Picket Fence Cartel
- Reviewed by Andrea Dawn Goforth Copyright Christianity Today International
- 2009 14 Jul
- The Butcher
- The Spectacle of Fearsome Acts
- Dark Angel Dragnet
- Cold and Calculated
- Cement Shoes
- A John Hancock with the Safety Off
- Two Glass Eyes
- The Black Brigade
- To Sand We return
Thirteen years together and seven studio albums are pretty impressive stats for a band these days. For hard rockers Project 86, that translates to Picket Fence Cartel, which brings out the straight-up hard rock sound that the group started with while also exploring a new sense of spirituality in their lyrics.
The first track, "Destroyer," is a bit of a teaser. The sludgy, Deftones-style rhythm and deep, goth-like vocals prepare the listener for a dark, mid-tempo album. However, the rest of Picket Fence Cartel does not follow suit.? Starting with "The Butcher," the album kicks into high gear, assaulting the listener with metal guitar riffs and two-step beats.?
Indeed, the '90s influence on this album is undeniable. "Cold and Calculated" is a perfect mesh of the fast-paced punk pulsings of The Offspring with the half-tempo melodic breakdowns of Tool. And where P86 may have gotten sucked into the world of electronic manipulation for a while, all of the songs on this album have a raw, brutal feel.
Another highlight of the album (and perhaps one reason for the group's staying power) is front man Andrew Schwab's voice. In days when not all lead singers can really sing, Schwab's sing-scream vocals are strong and uncompromising, and recall the more controlled side of contemporaries like Dexter Holland (The Offspring) and James Hetfield (Metallica). Aside from Schwab's impressive range, it's the character and emotion of his voice that gives breath to the message in P86's songs.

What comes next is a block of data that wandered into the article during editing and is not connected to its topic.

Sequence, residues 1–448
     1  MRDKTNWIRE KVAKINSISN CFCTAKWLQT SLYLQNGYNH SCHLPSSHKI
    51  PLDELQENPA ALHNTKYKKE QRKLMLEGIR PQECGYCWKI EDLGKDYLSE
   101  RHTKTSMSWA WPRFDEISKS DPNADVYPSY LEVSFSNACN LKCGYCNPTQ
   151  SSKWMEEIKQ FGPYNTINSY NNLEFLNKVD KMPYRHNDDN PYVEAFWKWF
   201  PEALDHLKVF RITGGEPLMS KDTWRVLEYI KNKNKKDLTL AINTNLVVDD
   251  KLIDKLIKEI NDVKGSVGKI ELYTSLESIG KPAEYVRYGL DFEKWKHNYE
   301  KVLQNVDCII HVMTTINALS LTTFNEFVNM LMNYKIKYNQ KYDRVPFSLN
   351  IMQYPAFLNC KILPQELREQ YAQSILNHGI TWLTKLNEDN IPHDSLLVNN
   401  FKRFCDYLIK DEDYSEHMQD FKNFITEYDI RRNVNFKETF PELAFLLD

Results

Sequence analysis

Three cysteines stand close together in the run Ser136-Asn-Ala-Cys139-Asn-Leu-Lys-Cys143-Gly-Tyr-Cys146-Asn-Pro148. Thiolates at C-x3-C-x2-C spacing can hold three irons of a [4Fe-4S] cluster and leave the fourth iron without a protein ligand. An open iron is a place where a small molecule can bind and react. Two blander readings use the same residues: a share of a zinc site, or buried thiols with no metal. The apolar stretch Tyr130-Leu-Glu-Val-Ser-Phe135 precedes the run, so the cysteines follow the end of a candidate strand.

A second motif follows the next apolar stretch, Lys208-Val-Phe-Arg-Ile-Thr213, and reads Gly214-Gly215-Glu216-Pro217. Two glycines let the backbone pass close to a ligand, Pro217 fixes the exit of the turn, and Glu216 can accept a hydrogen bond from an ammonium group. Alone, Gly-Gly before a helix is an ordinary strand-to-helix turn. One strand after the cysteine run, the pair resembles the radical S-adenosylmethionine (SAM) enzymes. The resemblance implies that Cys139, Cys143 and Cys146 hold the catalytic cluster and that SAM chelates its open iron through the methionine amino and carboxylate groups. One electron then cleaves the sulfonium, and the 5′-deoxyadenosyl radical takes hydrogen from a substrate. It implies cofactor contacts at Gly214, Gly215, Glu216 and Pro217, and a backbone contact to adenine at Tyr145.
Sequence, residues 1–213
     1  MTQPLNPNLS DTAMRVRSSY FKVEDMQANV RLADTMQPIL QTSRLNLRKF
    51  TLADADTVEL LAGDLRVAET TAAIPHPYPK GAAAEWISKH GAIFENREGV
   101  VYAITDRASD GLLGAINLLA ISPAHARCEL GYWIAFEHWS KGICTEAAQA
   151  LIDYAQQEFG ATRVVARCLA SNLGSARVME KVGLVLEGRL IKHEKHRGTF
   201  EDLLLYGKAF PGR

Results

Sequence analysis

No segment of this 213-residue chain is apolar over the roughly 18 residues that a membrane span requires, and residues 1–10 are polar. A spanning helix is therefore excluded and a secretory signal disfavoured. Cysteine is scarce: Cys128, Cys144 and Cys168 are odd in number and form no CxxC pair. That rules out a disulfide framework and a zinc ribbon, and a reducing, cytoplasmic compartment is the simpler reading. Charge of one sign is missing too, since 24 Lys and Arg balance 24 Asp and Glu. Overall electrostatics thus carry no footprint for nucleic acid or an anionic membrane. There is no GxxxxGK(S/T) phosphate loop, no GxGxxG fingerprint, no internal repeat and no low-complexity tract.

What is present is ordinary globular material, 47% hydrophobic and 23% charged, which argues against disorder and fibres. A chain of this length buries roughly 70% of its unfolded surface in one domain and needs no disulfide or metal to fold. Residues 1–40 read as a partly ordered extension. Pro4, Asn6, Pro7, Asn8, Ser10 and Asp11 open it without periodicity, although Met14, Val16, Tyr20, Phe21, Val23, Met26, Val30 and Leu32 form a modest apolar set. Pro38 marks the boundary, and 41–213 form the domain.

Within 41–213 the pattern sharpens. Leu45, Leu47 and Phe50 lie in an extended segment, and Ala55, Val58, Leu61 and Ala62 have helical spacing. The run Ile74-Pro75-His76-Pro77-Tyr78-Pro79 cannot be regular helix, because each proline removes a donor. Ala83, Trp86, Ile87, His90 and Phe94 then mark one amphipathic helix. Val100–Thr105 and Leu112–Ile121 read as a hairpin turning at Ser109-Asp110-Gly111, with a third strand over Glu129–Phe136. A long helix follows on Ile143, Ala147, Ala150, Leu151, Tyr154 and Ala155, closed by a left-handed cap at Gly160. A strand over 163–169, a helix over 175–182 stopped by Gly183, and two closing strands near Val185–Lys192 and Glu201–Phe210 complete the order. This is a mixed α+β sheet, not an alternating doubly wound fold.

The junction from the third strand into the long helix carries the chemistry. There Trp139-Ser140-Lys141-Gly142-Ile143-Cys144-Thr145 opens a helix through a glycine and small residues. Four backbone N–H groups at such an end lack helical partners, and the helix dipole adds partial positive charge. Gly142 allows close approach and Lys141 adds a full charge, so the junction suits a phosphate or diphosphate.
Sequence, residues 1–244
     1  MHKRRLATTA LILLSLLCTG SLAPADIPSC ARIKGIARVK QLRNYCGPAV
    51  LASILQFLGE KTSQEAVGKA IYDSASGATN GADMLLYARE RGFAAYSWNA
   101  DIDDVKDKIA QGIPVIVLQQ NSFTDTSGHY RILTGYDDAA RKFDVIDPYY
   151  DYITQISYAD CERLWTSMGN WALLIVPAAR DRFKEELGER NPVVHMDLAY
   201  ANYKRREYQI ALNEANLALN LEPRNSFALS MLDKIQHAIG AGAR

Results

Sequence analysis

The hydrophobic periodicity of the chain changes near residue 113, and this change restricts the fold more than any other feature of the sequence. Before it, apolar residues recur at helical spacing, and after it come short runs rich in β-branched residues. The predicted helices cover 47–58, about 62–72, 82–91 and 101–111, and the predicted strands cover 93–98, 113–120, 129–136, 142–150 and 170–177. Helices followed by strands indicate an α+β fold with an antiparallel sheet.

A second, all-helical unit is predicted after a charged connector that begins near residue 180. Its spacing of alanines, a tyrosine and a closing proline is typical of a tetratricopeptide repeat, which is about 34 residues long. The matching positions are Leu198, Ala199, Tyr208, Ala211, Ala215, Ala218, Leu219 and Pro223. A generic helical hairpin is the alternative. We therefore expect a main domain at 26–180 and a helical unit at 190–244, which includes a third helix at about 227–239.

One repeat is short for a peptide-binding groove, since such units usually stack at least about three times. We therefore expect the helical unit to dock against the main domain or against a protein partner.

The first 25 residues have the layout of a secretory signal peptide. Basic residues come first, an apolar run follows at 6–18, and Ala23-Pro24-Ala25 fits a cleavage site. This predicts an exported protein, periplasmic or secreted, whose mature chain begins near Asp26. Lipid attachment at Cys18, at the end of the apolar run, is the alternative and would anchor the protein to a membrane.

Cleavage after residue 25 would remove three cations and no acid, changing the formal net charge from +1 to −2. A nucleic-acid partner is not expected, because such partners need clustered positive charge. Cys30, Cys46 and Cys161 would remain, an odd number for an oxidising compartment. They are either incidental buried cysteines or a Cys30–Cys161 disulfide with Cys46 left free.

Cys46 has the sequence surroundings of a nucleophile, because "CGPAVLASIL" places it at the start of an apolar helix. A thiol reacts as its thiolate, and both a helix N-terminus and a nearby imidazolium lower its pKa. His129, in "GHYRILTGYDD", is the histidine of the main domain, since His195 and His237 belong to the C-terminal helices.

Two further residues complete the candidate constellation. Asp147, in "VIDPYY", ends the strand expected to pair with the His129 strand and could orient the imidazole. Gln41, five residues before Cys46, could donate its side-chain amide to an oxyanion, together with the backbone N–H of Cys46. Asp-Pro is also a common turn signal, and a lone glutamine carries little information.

But the most surprising aspect of Picket Fence has got to be the lyrical content. It is safe to say that this is the group's most spiritual and scriptural album to date. "The Spectacle of Fearsome Acts" talks of forbidden fruit, the story of King David, and the consequences of our actions: "You tried to tempt your fate / turns out it's your mistake / You took what wasn't yours to take, now didn't you?" Other tracks like "To Sand We Return" speak unapologetically about laying down our idols and surrendering to God. Rather than simply throwing in biblical references in order to make the album more "Christian," P86 approaches each subject with honesty and a personal connection, bringing new life to old stories and cornerstones of the Christian faith.
Picket Fence Cartel may not have the most innovative sound, but it showcases the band's hard-rock soul. The lyrical content alone would make P86's seventh studio album one fans should definitely pick up.